It shouldn’t be hard to convince a client how an ERP program can help improve the processes of their business. Ultimately, it relies on if a business can take advantage of the full capabilities that ERP tech can offer. That part, however, is dependent on how well you can deliver genuine transformation of services for the client’s customers and employees.
We work with clients from a wide variety of sectors implementing full ERP solutions in support of wider business transformation and while the triggers for setting out on the journey differ, they all share a common desire to be better prepared for future challenges and opportunities.
We started in somewhat of a unique position as advisers on operating models, keeping track of the process of optimization. Our services have evolved since to include communication and training for change leadership and management. Over this time, we’ve noticed some themes emerging that seem to have a multiplying effect on getting the expected return investment from an ERP programmer.
The key consideration for us sounds simple but is often neglected by both the client organization and their advisers: to understand the complexity of the organization and create a genuine desire and level of comfort with the scope of the changes. If you are setting off on an expedition in unfamiliar territory, you can’t rely on assumptions; you look at the map, you consider the weather, you think about where you are planning to stop to replenish supplies.
This initial work is essential. Programs of this scale generate their own momentum; the ambition to deliver lasting benefits to the organization and those it serves comes under constant pressure from the need to maintain the pace of the program and control the overall spend while making the best use of scarce and time poor key resources. Anticipating and responding to these demands require a high degree of flexibility and innovation, rather than a standard templated plan.
So how does this happen in practice? You need to provide comprehensive support from discovery all the way to benefits delivery.
It is essential to identify key relationships early and not assume that the program structure or organization structure will give you all the answers you need. Building trusted relationships and credibility requires structured enquiry couched in a genuine desire to understand the underlying challenges. The ERP service provider can use these findings to tailor an approach. Once this is done, you can meet deadlines with quality deliverables and support.
Setting up success over multiple phases
Most programs have multiple stages covering different functional areas. This can include, but often isn’t just limited to: geographies, business units or even customer groupings. In every case, the ERP program is unlikely to be the only show in town. This part needs careful, open and flexible planning to avoid overwhelming any one group. Remember, the intention is to build overall confidence. Trusted relationships help all those involved raise and explore concerns and issues to adapt to the plan.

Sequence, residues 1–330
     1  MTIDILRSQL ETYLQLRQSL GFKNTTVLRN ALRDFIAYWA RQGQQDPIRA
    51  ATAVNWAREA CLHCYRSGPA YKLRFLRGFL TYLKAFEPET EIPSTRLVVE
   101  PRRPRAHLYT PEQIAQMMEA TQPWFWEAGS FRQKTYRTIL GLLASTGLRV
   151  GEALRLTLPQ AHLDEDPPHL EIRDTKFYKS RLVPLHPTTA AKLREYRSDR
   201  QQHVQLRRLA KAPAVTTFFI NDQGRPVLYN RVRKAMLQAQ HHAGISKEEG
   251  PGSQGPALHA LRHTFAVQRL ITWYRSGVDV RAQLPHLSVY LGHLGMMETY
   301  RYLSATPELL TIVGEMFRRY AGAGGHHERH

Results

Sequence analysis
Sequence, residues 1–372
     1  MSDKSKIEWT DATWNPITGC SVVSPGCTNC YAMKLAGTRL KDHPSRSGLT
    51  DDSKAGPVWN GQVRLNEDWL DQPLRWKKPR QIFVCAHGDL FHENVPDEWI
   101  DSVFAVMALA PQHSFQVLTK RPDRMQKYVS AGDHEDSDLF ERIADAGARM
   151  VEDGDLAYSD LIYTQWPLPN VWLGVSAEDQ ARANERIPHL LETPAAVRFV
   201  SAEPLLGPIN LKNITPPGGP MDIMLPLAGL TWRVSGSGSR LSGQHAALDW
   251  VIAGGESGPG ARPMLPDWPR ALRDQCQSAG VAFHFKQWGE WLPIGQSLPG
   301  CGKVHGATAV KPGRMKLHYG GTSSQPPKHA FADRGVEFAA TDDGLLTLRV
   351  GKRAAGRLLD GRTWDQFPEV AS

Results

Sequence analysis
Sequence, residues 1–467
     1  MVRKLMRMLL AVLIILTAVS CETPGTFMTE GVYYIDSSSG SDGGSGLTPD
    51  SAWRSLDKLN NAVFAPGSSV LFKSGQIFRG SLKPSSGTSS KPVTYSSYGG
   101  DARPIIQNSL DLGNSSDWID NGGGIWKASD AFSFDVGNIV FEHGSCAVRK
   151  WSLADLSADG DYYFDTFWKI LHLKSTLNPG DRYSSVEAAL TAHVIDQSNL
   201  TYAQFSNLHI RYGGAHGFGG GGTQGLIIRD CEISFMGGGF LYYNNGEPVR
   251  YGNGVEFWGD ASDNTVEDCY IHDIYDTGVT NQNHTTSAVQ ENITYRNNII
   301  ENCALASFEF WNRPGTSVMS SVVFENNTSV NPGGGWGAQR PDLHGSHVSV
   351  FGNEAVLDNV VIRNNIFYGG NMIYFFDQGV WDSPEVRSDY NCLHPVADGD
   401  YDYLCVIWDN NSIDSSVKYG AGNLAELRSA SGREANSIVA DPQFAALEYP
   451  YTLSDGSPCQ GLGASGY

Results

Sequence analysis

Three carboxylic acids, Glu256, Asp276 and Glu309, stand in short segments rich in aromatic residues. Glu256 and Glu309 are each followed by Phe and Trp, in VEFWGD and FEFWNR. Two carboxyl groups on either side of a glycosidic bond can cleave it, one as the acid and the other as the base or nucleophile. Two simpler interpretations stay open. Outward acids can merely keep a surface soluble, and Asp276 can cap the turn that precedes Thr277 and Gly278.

A holistic approach to change
There is always a degree of complexity to any client situation; operational, political, regulatory and sometimes differing levels of organizational maturity can all surface. Increasingly we are finding the full breadth and depth of our approach to change coming into play; drawing on expertise from operating model reviews and designs, to learning innovation, culture change and visualization to supplement core change management to help process optimization capabilities.
Success seldom comes from competent design and deployment of the technology, it’s never that simple. You will improve your chances of navigating comprehensive process changes and ways of working by establishing core change principles. More efficient methodology, improved methods, improved leadership and change capabilities; they’re all important for ensuring clients get the most out of an ERP program. Part of this work often involves challenging the organization on sponsorship and the ownership of program outcomes. By all means, hold the CIO to account for delivery of functionality to cost and time, but they are unlikely to be the ones who should be on the hook for strategic outcomes like improvements in operational productivity, cost reduction, time to market or process modernization.
Maintaining a focus on the delivery of benefits
Even with the level of effort invested by those involved in setting up an ERP program, from day one the challenges to delivery and progress are constant; from inconsistent leadership commitment, to significant variation in the needs and relative maturity of different departments, to the challenges of running business as usual activities and availability of key resources.
This is where you need to stick to core values and a considered and flexible approach; providing constructive feedback, holding yourself, delivery partners, and the client to account for meeting commitments and being prepared to flex the team to always have the right people available.
If you nail the implementation, you’ll increase the chances of not only having a fully implemented ERP, but your client will also benefit from more consistent, better controlled and more effective processes. When the benefits are picked up by the client, this new way of working will be welcomed and not resisted.